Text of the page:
Temporarily social spiders do not show personality-based task differentiation

Virginia Settepani*, Trine Bilde, Lena Grinsted

*Corresponding author for this work

Research output: Contribution to journalArticlepeer-review


Task differentiation in cooperative groups can arise through a wide range of mechanisms. A recent hypothesis, supported by empirical studies of social spiders, suggests that a variation in individual personalities might be one such mechanism. Personality-based task differentiation can either arise as an emergent property of group living based on inherent behavioural variation among individuals, or alternatively it could be an adaptation to permanent sociality favoured by individual fitness benefits arising from increased group efficiency and productivity. We tested whether personality-based task differentiation is present in the temporarily social spider Stegodyphus tentoriicola which represents the ancestral state from which permanent sociality in spiders has evolved. This species is closely related to the permanently social Stegodyphus sarasinorum in which personality-based task differentiation has been documented. We measured individual boldness and investigated individual participation in simulated prey capture events twice per day on 5 consecutive days. We found no evidence for personality-based task differentiation: S.tentoriicola spiders did not exhibit consistent personalities in boldness or consistent task differentiation in prey attack. Our results lend support for the hypothesis that personality-based task differentiation is an adaptation to permanently social living in spiders as their ancestral representative lacks this trait.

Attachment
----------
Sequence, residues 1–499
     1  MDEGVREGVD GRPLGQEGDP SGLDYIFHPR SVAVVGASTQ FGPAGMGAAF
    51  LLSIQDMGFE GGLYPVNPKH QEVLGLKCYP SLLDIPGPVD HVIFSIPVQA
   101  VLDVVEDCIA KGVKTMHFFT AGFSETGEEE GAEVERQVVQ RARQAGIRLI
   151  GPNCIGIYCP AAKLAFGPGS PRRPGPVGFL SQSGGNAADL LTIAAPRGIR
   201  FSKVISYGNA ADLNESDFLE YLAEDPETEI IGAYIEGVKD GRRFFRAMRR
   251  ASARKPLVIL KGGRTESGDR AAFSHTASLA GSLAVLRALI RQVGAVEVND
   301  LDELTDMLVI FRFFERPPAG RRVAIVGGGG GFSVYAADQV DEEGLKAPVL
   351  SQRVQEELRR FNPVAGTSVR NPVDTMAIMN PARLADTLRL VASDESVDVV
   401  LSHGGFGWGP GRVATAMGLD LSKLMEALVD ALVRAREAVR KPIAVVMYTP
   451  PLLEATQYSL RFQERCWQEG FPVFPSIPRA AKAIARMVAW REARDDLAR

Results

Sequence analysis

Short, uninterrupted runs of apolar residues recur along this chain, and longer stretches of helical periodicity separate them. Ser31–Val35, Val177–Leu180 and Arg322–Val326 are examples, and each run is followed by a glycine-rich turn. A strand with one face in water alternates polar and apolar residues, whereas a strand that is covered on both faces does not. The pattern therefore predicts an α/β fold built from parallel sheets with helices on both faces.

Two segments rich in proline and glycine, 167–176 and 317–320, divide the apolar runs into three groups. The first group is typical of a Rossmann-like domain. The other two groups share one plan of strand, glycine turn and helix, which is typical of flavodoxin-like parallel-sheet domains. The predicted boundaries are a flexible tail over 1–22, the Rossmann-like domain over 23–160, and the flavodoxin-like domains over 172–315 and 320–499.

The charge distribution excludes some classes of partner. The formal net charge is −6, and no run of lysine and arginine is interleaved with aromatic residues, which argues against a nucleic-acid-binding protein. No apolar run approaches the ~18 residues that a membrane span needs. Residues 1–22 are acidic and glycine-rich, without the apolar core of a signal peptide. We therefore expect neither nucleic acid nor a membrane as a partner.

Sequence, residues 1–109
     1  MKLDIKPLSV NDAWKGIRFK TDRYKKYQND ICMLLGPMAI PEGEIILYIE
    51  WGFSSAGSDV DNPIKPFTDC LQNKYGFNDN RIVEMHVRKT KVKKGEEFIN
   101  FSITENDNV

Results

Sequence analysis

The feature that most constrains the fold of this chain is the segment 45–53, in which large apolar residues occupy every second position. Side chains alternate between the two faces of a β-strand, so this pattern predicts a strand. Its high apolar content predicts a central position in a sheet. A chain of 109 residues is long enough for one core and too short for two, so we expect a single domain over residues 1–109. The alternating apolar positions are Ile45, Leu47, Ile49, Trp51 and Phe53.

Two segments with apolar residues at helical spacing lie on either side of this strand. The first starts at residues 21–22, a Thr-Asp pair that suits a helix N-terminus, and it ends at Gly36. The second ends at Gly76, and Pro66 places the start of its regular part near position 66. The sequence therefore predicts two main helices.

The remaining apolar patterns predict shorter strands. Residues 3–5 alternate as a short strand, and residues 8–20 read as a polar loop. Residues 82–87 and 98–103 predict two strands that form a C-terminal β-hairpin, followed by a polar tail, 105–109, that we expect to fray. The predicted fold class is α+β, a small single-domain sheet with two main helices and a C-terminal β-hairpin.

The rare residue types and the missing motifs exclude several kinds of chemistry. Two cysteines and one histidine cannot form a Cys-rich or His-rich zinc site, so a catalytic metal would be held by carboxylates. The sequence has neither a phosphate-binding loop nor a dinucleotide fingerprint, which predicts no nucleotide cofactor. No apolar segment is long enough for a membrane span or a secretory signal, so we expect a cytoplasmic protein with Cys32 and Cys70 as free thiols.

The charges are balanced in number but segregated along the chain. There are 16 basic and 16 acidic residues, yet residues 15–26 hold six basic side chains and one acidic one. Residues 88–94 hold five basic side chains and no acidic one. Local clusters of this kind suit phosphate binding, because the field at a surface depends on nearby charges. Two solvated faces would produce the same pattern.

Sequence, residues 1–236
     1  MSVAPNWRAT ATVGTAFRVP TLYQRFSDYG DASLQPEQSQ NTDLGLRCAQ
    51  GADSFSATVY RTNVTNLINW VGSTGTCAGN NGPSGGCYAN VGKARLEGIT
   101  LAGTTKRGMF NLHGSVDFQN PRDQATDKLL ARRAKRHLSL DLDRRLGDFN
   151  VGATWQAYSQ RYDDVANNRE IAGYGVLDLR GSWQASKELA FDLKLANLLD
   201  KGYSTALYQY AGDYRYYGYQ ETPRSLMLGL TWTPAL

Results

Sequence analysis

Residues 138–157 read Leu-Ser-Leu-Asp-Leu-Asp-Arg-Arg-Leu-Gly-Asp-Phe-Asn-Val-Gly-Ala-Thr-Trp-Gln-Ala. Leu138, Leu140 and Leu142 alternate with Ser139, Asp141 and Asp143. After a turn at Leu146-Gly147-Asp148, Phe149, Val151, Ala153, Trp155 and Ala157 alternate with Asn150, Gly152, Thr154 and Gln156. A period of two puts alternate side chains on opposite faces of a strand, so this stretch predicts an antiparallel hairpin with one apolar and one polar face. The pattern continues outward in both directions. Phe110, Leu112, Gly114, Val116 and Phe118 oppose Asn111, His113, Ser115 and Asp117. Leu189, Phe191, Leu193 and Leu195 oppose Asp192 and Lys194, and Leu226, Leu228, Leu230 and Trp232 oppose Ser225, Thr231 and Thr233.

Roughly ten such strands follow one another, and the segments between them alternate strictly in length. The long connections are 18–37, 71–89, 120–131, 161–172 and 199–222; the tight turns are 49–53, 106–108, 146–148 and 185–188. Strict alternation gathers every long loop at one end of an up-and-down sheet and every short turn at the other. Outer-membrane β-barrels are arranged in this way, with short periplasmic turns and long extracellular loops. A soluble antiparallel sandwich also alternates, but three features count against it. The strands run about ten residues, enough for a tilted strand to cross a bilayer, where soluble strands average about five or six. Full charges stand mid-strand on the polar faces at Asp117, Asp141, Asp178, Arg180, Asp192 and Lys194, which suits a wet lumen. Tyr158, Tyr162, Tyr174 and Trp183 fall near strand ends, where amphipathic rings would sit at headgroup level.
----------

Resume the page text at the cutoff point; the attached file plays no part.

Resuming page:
Original languageEnglish
Pages (from-to)95-102
Number of pages8
JournalAnimal Behaviour
Early online date16 May 2015
Publication statusPublished - 1 Jul 2015


  • Behavioural type
  • Division of labour
  • Evolution of cooperation
  • Social insects
  • Subsocial
  • Task specialization


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